Teaching Note: 8B15M020 (8 pages)
Industry: Information, Media & Telecommunications
Issues: E-commerce; CSR; business model; innovation; South Korea
Difficulty: 4 - Undergraduate/MBA

Carmen Rios Figueroa, Julia Sagebien

Product Number: 9B09M085
Publication Date: 10/13/2010
Length: 16 pages

The president of Taino Construction has to make several strategic decisions that can guide the firm during very difficult times for the construction industry - globally and locally. He is trying to find ways to capitalize on the company's innovations and international advantages. At the same time, he is trying to adapt the company to the needs of the local market, which requires smaller volumes and simpler products. In order to do this, management must assess the level of risk inherent in the company's portfolio of innovations by estimating the potential of the markets for these products, determining how to strategically position the products in the markets and making a sober assessment of the company's financial strength.

The case can be used in a marketing strategy course. The objectives of the case are 1) to allow students an opportunity to analyze a company's innovation portfolio and, more specifically, the level of risk inherent in market opportunities 2) to explore how innovative international strategies can help a company survive adverse local market conditions, though it may add to the overall risk of the innovation portfolio of the company 3) to showcase a company committed to green products, allowing for a discussion on sustainability in the construction industry, as well as on how what is considered a green product by some stakeholders is not considered a green product by others 4) to showcase the complexity of the relationship between a company's clients/competitors/partners and the way in which government initiative can offer opportunities and challenges to a company 5) to offer an opportunity to conduct financial performance analysis.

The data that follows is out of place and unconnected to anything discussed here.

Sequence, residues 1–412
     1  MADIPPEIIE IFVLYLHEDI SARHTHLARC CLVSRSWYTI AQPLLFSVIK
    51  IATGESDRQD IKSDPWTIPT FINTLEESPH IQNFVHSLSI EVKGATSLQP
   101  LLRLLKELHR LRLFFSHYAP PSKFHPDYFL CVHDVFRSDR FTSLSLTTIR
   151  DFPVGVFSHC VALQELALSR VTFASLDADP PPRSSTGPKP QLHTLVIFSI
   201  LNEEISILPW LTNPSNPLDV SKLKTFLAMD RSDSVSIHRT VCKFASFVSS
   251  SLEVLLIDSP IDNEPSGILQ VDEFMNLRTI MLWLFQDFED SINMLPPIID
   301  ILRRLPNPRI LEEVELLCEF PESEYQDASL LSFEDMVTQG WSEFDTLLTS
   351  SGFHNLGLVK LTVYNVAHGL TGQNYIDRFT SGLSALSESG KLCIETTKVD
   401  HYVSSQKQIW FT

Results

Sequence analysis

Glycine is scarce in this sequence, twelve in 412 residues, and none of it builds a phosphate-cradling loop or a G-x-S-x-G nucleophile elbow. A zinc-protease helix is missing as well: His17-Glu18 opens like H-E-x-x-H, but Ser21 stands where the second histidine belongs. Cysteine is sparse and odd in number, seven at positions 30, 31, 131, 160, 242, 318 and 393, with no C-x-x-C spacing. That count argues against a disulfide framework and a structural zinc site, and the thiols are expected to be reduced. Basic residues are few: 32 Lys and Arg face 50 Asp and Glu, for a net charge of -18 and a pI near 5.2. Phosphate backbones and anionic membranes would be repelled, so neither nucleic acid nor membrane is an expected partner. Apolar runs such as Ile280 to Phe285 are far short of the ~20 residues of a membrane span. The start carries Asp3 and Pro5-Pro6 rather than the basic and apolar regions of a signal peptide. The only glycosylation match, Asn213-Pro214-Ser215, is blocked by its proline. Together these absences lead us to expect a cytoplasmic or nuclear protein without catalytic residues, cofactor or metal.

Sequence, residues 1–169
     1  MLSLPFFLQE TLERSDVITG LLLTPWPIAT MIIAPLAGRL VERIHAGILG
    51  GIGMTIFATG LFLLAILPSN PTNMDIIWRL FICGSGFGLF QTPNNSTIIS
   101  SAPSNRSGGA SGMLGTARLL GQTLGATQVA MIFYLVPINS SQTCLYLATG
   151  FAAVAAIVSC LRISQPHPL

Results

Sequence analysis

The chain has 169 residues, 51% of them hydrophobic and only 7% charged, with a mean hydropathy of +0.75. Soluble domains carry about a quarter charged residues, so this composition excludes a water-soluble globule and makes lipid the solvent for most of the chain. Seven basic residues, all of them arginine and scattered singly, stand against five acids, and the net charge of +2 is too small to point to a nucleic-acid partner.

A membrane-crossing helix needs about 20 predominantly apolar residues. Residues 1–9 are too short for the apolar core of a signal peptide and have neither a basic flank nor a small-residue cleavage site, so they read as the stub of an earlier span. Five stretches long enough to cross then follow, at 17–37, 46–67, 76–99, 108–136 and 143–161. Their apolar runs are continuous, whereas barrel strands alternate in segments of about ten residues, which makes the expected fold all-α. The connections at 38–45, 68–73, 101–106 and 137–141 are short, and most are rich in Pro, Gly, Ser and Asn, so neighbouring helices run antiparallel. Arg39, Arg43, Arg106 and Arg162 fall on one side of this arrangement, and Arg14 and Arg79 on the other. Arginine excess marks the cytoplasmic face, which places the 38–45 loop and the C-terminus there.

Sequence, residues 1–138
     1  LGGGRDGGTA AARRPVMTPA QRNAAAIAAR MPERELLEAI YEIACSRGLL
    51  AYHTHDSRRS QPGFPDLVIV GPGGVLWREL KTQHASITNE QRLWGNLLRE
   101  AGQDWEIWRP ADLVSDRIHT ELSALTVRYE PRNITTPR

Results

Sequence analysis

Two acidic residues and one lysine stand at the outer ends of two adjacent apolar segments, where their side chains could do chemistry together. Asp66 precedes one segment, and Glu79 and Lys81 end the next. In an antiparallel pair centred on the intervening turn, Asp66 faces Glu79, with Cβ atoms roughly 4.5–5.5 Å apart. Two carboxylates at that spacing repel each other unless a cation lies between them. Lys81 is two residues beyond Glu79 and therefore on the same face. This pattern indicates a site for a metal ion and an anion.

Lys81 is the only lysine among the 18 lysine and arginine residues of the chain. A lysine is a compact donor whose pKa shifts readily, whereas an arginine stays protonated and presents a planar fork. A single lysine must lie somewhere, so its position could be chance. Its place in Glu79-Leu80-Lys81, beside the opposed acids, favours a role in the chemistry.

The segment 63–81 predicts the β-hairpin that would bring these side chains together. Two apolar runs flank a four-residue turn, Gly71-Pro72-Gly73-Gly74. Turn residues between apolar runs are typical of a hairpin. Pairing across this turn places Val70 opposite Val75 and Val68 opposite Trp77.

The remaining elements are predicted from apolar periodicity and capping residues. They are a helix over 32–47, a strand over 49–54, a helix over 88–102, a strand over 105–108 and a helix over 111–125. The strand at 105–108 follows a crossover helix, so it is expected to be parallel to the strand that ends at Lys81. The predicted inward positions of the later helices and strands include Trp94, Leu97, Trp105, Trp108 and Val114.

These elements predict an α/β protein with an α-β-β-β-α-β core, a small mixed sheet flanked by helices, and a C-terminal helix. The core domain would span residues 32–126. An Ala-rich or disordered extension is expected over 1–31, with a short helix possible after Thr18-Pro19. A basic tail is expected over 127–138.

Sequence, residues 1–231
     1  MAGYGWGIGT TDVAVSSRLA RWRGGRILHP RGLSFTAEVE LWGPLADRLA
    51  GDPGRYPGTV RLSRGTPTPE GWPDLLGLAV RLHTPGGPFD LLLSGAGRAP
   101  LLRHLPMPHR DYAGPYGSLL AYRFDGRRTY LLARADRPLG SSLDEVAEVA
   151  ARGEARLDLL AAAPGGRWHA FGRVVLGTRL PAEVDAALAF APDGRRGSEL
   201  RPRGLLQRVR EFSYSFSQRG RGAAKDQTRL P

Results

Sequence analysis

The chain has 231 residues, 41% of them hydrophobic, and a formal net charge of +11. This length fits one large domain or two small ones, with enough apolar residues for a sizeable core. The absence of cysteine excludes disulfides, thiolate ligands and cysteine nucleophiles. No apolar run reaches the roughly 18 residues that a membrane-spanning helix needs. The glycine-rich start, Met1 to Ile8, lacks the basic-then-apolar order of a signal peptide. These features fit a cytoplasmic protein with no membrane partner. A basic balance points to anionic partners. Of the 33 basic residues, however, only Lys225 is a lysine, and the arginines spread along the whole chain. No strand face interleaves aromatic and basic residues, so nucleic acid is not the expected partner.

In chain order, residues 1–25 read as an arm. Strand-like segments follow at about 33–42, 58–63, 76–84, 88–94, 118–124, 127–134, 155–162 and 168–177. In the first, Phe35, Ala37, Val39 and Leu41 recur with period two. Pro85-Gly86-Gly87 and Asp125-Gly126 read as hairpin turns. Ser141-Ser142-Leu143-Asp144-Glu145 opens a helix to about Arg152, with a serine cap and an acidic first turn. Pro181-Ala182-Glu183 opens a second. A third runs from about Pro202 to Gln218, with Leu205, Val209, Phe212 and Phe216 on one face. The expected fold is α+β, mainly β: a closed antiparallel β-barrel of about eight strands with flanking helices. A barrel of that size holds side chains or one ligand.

Teaching Note: 8B09M85 (13 pages)
Industry: Construction
Issues: Managing Industry Change; Innovation; Family Business; Green Products
Difficulty: 4 - Undergraduate/MBA

Lauranne Buchanan, Carolyn J. Simmons

Product Number: 9B09A002
Publication Date: 2/9/2009
Revision Date: 5/3/2017
Length: 14 pages

After going public in 1992, Starbucks' strong balance sheet and double-digit growth made it a hot growth stock. The Starbucks vision was coffee culture as community, the Third Place between work and home, where friends shared the experience and exotic language of gourmet coffee. Its growth was fueled by rapid expansion in the number of stores both in the United States and in foreign markets, the addition of drive-through service, its own music label that promoted and sold CDs in stores and other add-on sales, including pastries and sandwiches. In an amazingly short time, Starbucks became a wildly successful global brand. But in 2007, Starbucks' performance slipped; the company reported its first-ever decline in customer visits to U.S. stores, which led to a 50 per cent drop in its share price. In January 2008, the board ousted CEO Jim Donald and brought back Howard Schultz - Starbucks' visionary leader and CEO from 1987 to 2000 and current chairman and chief global strategist - to re-take the helm. Starbucks' growth strategies have been widely reported and analyzed, but rarely with an eye to their impact on the brand. This case offers a compelling example of how non-brand managerial decisions - such as store locations, licensing arrangements and drive-through service - can make sense on financial criteria at one point in time, yet erode brand positioning and equity in the longer term. Examining the growth decisions made in the United States provides a rich context in which to examine both the promise and drawback of further foreign expansion.

Teaching Note: 8B09A02 (15 pages)
Industry: Accommodation & Food Services
Issues: Branding; Retailing; Product Design/Development; Growth Strategy
Difficulty: 4 - Undergraduate/MBA